Dr. Astro Teller
Charles W. Bryant
Dr. Astro Teller Director of New Projects, Google
Heroes are people who inspire us to be better people. Heroes inspire us to push our own limits and to see more potential in ourselves and in mankind than we had previously seen. So the people who have outrageous levels of talent but who were, by most accounts, not extraordinary in their humanity, people like Mozart or Bobby Fisher, tend not to be our heroes. Instead we gravitate to people who exhibit levels of characteristics like passion, persistence, integrity, creativity, and adaptability that we can barely imagine humans being capable of. And so, when we make our lists of heroes of the last 100 years, we should be careful not to lean too hard to those who achieved much and lean instead toward those people whose lives have the most to teach us. I submit as a strong contender for this list, Wilma Rudolph, who was for a decade in the 1960's the fastest woman in the world but who spent the first twelve years of her life with a left leg and ankle so twisted by premature birth and the polio virus that she could barely walk even with the aid of her leg brace and crutches. If she can do that, what is there that you can not accomplish if you set your mind to it?
Charles W. Bryant Co-Host, Stuff You Should Know
Willie Nelson says that his "heroes have always been cowboys, and they still are today." I'd like to quiz Willie on those heroes right about now, although I suppose that cowboys stand as good a chance as any at making a list of famous heroes.
Will Rogers was certainly a famous cowboy entertainer and my bet is that he'd make the list of heroes for more than one western-phile. Who can deny the pleasure of a well-executed lasso routine? Then there's the real life cowboy, Frank "Pistol Pete" Eaton -- who at the age of eight years-old, vowed vengeance upon the heads of his father's six murderers. It took him 19 years, but eventually the vendetta was satisfied, five by Eaton's quick draw and one from another member of Eaton's posse.
Clint Eastwood is an artistic hero to many, myself included, and he made a name for himself playing quiet, but ruthless cowboys in spaghetti westerns. No word on what Willie Nelson thinks of Eastwood, but something tells me they'd get along just fine.
Teddy Roosevelt, a self-described cowboy and maverick President is undoubtedly on a lot of hero lists. Roosevelt was known for his masculinity as a naturalist, explorer, hunter and outdoorsman. When the Spanish-American War broke out, he resigned his post as head of the Navy so he could lead the Rough Riders into battle. Heroic indeed, and very much a cowboy move.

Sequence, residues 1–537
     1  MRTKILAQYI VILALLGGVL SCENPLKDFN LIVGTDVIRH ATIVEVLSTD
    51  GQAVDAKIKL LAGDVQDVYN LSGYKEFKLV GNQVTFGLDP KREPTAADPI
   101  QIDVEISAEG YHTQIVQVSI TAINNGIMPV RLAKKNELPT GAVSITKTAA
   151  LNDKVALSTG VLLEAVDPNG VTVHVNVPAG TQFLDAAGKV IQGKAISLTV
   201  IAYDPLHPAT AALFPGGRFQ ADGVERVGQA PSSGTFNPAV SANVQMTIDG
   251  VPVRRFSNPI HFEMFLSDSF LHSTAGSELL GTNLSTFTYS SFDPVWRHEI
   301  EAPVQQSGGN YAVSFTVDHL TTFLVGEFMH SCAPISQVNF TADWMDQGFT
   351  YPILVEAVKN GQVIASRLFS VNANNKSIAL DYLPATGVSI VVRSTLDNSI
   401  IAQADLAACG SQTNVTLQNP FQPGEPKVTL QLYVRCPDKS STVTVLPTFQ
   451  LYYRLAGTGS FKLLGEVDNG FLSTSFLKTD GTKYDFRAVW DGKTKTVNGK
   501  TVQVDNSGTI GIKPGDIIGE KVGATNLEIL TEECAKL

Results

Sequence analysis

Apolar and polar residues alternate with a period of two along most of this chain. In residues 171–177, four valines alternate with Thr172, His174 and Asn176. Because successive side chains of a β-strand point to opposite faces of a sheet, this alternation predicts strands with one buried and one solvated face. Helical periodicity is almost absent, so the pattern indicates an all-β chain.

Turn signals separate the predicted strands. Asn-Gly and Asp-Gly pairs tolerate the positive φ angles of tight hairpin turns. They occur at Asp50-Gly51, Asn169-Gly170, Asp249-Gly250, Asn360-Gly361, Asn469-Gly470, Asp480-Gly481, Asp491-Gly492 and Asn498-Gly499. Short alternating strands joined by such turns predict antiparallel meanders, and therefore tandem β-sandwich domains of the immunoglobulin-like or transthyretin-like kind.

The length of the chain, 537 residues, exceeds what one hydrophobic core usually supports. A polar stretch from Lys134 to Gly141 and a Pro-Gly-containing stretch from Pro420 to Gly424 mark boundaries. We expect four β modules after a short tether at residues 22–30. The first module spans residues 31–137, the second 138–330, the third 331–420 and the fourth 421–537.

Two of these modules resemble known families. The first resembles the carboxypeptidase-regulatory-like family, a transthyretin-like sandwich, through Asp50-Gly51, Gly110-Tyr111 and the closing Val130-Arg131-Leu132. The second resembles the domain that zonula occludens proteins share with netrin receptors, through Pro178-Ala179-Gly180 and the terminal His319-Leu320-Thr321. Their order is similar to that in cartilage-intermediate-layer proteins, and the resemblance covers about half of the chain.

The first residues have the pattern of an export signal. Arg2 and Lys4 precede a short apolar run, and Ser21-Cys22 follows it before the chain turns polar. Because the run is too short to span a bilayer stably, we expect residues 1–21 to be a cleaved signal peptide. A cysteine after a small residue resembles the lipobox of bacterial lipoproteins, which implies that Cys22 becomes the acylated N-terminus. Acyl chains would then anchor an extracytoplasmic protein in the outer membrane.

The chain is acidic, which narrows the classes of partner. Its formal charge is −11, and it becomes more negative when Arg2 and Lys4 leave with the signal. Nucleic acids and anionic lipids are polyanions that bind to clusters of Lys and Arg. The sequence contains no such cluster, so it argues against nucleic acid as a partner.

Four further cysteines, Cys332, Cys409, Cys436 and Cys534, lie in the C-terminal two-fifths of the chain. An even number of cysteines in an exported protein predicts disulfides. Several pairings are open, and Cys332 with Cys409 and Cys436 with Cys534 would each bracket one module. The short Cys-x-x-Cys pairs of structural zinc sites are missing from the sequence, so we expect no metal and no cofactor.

But if Willie really wants to impress with his list of cowboy heroes, he need not look any further than Nat Love, one of the more well-known African-Americans on the cowboy circuit. Born a slave, Love won his freedom and headed west to Dodge City, Kan. to get work as a cowboy. Despite the prejudices of the time, Love was such a good cowboy and marksmen that he did pretty well for himself. He eventually wrote an autobiography about his adventures rustling cattle, and retired to Los Angeles where he died in 1921.
In 1999, Time Magazine published a list, made up of 20 people (each from several categories), that it described as "heroes and icons of the 20th century." The list included U.S. President and World War II hero John F. Kennedy, evangelist Billy Graham, boxer Muhammad Ali, record-setting aviator Charles Lindbergh, murdered gay rights activist and politician Harvey Milk, and Helen Keller, who demonstrated to the world that it was possible to overcome disabilities. Another honoree was Anne Frank, a young Jewish girl from the Netherlands whose posthumously-published diary proved more resilient than the Nazi regime that sent her to her death. Rosa Parks, whose refusal to yield a bus seat to a white passenger in the 1950s helped lead to civil rights for African-Americans, also was included on the list.
Also on the Time 1999 list were Presidents Ronald Reagan and Franklin Roosevelt, each facing enormous obstacles during their terms (the Soviet Union for Reagan and the Great Depression for Roosevelt). Poet T.S. Eliot and singer Bob Dylan made the list, too. Icons can come from many walks of life, and artists can be as iconic as they come.
You could even look to the Time list again, for great scientists; among them Sigmund Freud, and, of course, perhaps the greatest scientific hero of the past 100 years, Albert Einstein. The former was a landmark psychiatrist and the latter changed how we look at gravity, speed, space and the nature of time itself.
Finally, alongside the famous heroes known worldwide by name, one might also consider the collective fame of unknown contributors to a century of heroism. For example, the soldiers who fought in World War II, unknown as individuals, achieved incredible heroism as a group beating back the Nazis. Some of their commanders became famous-name heroes -- Dwight D. Eisenhower and George S. Patton, for example -- but without their boots on the ground the world might look very different today.
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